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Kids need to understand from the get-go that having a phone is a privilege and, like all privileges, comes with responsibilities. Family contracts that outline those responsibilities are available from several reliable sources including Connect Safely (connectsafely.org/family-contract-smartphone-use/) and Sprint (sprint.com/4netsafety/phoneContract-feature.html). Even if you don’t feel the need to sign a formal contract with your child, these documents cover important talking points.
Put a structure in place
Being clear about expectations is step one, but many children also benefit from a little extra structure. Fortunately, parents have access to a wide range of technical tools that will help children remember and respect their rules. The checklist that follows provides an overview of protections that are available for cellphones.
It’s unlikely most parents will want or need all of these tools. The features that make sense for your family depend partly on your parenting style and partly on your child’s temperament. In addition to age and maturity, you’ll want to think about the following questions: Is your child able to keep track of belongings? Does he or she generally follow household rules? How easily is your child distracted? How susceptible to pressure from peers or strangers? Most important, how will this tool help you reach your ultimate goal — having a child who makes good, independent decisions about how and when to use a cellphone.
Once you’ve decided which protections you want, find out whether they are available from your phone carrier. All major companies offer some of these services free and others for a monthly fee. To figure out what’s available on your plan, search for parental controls on their website. Better, visit one of their outlets and have someone describe and demonstrate the relevant features so you’ll actually be able to use them.
Curb Phone Calls. For very young children, it’s a good idea to establish an approved list of phone numbers so your child can make and receive calls only from those people. For older kids, you may still want software that shows traffic on the phone. Remember that specific numbers can always be blocked if your child is being harassed or unduly influenced by peers or strangers.
Control texts. Depending on your family’s plan and your child’s self control, you may want controls that limit the number of texts your child can send and/or receive. Some controls also allow parents to monitor texts for content that seems risky. There’s even an app, Ignore No More, that lets you lock the phone if you don’t get a prompt response to your text messages!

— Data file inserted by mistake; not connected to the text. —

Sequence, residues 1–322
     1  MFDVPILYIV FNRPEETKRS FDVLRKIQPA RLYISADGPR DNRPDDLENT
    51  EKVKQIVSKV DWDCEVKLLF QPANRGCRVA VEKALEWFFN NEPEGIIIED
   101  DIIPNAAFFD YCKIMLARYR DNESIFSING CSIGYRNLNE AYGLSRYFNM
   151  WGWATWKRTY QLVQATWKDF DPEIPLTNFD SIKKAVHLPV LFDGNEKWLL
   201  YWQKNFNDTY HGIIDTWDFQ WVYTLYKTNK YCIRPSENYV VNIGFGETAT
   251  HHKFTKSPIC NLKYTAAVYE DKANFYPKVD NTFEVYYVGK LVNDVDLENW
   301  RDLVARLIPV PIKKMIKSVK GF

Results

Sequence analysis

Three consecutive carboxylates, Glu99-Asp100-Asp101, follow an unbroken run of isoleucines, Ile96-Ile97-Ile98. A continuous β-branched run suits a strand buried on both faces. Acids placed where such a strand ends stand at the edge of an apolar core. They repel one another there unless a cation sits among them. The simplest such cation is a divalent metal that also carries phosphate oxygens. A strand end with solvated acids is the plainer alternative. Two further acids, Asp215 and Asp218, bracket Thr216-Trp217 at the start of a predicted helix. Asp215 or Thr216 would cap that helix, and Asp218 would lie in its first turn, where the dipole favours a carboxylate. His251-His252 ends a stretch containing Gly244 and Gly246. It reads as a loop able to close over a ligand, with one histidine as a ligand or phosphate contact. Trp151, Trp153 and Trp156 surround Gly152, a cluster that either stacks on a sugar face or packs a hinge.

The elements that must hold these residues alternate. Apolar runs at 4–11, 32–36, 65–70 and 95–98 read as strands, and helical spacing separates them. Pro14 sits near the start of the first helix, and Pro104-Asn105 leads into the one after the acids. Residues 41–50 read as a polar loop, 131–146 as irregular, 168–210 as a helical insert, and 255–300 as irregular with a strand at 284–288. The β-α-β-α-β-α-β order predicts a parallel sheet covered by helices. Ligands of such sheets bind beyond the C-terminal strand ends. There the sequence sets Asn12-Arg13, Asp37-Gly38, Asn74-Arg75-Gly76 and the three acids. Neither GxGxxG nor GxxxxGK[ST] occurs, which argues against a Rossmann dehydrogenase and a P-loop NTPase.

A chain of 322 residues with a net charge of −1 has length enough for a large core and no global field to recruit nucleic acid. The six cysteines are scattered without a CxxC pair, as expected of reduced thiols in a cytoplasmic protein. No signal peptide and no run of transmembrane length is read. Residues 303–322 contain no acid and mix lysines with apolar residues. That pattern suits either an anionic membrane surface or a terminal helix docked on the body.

Monitor web sites. A smartphone allows a child unrestricted access to the Internet, so you may want filters that block sites that link to pornography, gambling, hate speech, and other adult content.
Supervise social media. A cellphone makes it all too easy to share impulsive messages, photos, and video. Parents can arrange to be notified whenever a child posts or is tagged on social media. Or you can set up controls that alert you only if your child uses unacceptable language, is involved in bullying, or exchanges inappropriate photos.
Manage time. If the phone seems to be taking over your child’s life, most carriers offer a timer that will allow you to establish intervals when the phone simply doesn’t work because your child should be sleeping or paying attention in class.
Track location. If your child struggles to keep track of personal items, you may want an app that locates the phone if lost. Some parents also use GPS to confirm that kids are where they are supposed to be — home after school, on the soccer field, at a sleepover.
Limit downloads. Kids with smartphones will want to explore the wonderful world of apps. Some simply aren’t suitable for children. Others have fees that will show up on your phone bill. Some introduce malware onto the phone. If you have any doubts about your child’s judgment, look for software that alerts you when your child tries to download a ringtone, game, or social media app.
Disable while driving. If your teen is driving, consider using a feature that disables the phone whenever it’s moving at the speed of a car.
Most families find they can protect their children adequately with services provided by cellphone companies, supplemented perhaps by free apps like MamaBear. If you decide to invest in more comprehensive software, detailed reviews of 10 options are available at: cell-phone-parental-control-software-review.toptenreviews.com.
Some of these programs brag about how they can be used in “stealth” mode so kids will never even know their parents are watching them. In many ways, that kind of spyware subverts the goals of good parenting. If you do find something worrisome, you won’t be able to discuss it without admitting that you’ve had your child’s phone under surveillance. Better to talk openly about what safeguards you plan to use and why you think they are important.
Being upfront about your concerns actually makes it more likely that your kids will become such savvy, skilled, and responsible cellphone users they’ll no longer training wheels. • For more, go to lookout.com/resources/reports/smartphone-family-guide MP
Carolyn Jabs, M.A., has been writing about parenting online for a decade and is working on a book about constructive responses to conflict. Visit growing-up-online.com to read more.